I didn’t really feel like stopping other than a very brief bite to eat in Vannes, so by the time I got there I had been five and a half hours on the motorway. Carnac was bigger than I expected so I decided to come back the next day to give it more time. My hosts were a fantastic couple called Arnaud and Jan and I had a blast with them. We spent the night non-stop talking and Jan was from Reims, so he busted out some champagne for us claiming the Bretons didn’t appreciate it enough. They gave some great French artists to listen to and I put them onto Montaigne.

Backtracking to Carnac I booked in for a tour of the monolithes, which is the only way you can walk amongst them. I usually don’t like tours and audio guides, but it was really interesting hearing about the history of the site (which was older than the pyramids). It would have been really easy to spend a lot of time there and see all the sites and the town itself, but I was short on time, having to get to my next destination, St. Malo!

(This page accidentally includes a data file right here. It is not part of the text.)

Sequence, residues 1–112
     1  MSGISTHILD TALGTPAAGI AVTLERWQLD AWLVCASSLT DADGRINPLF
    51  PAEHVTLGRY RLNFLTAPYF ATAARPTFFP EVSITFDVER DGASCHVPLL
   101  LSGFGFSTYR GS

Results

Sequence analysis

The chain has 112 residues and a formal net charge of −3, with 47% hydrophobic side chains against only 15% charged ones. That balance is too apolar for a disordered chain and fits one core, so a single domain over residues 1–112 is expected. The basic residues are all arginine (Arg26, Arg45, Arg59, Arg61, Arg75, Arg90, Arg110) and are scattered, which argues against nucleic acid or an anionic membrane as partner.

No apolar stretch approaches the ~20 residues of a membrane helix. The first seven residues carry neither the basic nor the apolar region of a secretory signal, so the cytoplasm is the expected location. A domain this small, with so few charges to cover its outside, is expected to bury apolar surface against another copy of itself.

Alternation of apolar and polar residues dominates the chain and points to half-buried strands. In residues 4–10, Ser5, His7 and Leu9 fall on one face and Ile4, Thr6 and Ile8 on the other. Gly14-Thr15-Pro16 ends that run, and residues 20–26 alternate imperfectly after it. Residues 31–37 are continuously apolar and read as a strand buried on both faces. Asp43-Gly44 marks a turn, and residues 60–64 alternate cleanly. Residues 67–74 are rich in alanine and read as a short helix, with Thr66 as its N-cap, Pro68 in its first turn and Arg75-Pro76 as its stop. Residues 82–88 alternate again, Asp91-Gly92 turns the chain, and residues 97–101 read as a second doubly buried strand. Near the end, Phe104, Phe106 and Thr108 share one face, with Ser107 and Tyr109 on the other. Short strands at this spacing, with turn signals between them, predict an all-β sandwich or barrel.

This was probably my favourite part of the the trip so far. In St. Malo I met up with Nolwenn who took me on an extensive walking tour of the city (which is stunning!); along the waterfront, the ramparts and through the old city. She bought me Kouign Amann, a delicious buttery scroll thing local to Brittany and treated me to a local drink in the pub, refusing to let me pay. At home I met her three sisters, sister’s fiance and parents, all who were so welcoming and talkative. For dinner they made lobster (of which I had almost a whole one), fish, and vegetables and of course wine. If felt like a big family celebration dinner and I was absolutely blown away! In the morning Nolwenn and her sister Marie made me crepes for breakfast and gave me a packed lunch to take. Their mother urged me to stay another night and when I couldn’t she kissed me goodbye. The warmth and generosity was something I never thought to find through couch surfing.